(NOTE: This review contains spoilers for episode 3×06 of American Gods. Read at your own risk.)

American Gods S03E06: “Conscience of the King”
Written by: Aric Avelino
Directed by: Mark Tinker
Despite his past following him to Lakeside, Shadow (Ricky Whittle) makes himself at home and builds relationships with the town’s residents. Laura (Emily Browning) and Salim (Omid Abtahi) continue to hunt for Wednesday (Ian McShane), who attempts one final gambit to win over Demeter (Blythe Danner).

(more…)

Some Thoughts on the Godzilla/Kong “MonsterVerse” Thus Far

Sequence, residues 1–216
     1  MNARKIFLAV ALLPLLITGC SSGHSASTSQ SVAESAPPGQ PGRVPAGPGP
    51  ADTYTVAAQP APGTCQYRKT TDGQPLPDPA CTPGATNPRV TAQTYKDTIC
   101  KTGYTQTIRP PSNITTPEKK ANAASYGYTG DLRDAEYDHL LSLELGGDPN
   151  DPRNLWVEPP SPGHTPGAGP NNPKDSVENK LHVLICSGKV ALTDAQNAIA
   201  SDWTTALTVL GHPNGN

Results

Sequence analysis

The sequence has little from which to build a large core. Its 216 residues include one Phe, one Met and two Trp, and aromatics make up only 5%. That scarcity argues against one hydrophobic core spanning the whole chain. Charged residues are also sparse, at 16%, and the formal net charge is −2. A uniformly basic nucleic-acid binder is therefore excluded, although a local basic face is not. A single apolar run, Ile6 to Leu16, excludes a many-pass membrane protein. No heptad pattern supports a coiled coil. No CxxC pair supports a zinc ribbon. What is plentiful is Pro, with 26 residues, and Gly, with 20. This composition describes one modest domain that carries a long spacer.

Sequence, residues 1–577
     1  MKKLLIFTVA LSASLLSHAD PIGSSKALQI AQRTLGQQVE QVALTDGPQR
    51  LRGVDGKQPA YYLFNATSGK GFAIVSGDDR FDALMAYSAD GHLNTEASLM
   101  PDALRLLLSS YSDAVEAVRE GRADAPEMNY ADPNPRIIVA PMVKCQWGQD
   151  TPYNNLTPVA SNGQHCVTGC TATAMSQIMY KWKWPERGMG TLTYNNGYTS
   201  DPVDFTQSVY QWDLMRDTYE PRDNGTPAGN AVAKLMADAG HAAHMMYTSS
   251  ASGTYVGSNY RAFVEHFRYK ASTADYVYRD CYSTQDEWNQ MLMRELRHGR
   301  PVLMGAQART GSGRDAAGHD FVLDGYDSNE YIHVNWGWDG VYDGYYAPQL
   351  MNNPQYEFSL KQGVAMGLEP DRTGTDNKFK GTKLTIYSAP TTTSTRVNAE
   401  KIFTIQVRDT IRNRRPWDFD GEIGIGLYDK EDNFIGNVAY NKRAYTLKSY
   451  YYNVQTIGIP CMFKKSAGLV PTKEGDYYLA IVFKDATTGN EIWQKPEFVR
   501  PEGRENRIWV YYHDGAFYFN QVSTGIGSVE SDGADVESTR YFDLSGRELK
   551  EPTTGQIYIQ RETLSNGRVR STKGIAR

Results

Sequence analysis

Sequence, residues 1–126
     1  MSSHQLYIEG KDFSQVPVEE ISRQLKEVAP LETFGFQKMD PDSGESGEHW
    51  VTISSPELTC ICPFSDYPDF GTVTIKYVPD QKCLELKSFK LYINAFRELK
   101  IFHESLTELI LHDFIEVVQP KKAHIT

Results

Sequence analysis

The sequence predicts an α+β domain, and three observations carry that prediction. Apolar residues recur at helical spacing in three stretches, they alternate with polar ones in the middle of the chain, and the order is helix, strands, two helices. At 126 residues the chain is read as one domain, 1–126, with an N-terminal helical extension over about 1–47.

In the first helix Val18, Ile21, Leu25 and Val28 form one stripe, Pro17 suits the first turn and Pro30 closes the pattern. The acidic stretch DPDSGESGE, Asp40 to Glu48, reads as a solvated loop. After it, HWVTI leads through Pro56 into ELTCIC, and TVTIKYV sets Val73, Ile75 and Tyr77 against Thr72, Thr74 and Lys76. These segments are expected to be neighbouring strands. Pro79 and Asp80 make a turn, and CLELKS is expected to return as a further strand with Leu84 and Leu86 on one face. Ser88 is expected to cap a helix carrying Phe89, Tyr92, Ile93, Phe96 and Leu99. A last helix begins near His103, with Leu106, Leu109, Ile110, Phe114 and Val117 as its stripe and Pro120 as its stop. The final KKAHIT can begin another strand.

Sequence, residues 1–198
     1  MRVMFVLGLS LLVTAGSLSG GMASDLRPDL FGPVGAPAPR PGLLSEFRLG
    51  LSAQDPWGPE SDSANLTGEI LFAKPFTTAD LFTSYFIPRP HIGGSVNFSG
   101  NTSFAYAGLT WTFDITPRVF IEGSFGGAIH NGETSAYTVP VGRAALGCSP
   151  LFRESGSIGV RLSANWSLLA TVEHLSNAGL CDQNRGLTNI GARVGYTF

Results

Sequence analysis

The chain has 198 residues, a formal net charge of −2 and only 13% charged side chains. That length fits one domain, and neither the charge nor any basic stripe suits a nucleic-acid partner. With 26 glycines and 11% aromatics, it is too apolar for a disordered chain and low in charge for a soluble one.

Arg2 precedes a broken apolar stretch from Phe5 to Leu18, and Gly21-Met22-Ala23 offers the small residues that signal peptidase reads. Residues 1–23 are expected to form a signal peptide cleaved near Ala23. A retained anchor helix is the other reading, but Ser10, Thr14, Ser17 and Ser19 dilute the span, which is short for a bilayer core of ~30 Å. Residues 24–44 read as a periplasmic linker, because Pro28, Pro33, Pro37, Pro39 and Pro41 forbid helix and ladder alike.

Godzilla and King Kong were two characters I knew of growing up but whose films I’d never seen. Everything I knew of them had been gleaned through cultural osmosis—I knew Godzilla was inspired by/related to the droppings of the atomic bombs in Japan, I knew that King Kong regularly climbed tall buildings with damsels in distress in hand, and I knew that both creatures tended to be defenders of humanity, fighting against other monsters. But that’s about it. Until recently, I’d never seen even a minute of any film that featured them—outside of the Mystery Science Theater 3000 episodes that riffed a couple of Godzilla films from the 1960s/1970s. So, with the imminent release of Godzilla vs Kong on HBO Max, I thought it might be time to look into Hollywood’s latest attempt to resurrect both of these franchises—this time, in a shared universe called the “MonsterVerse.” I didn’t really know what to expect or how good the movies would be, but I was excited to watch them. And, having seen the three that have been released, they’re as much of a mixed bag as I suspected. Some of them are very good, some of them are less good. But there’s clearly a lot of fun to be had in this universe. So, in that spirit, I’d like to share some brief thoughts on the three MonsterVerse films that have been released, followed by my hopes for Godzilla vs Kong.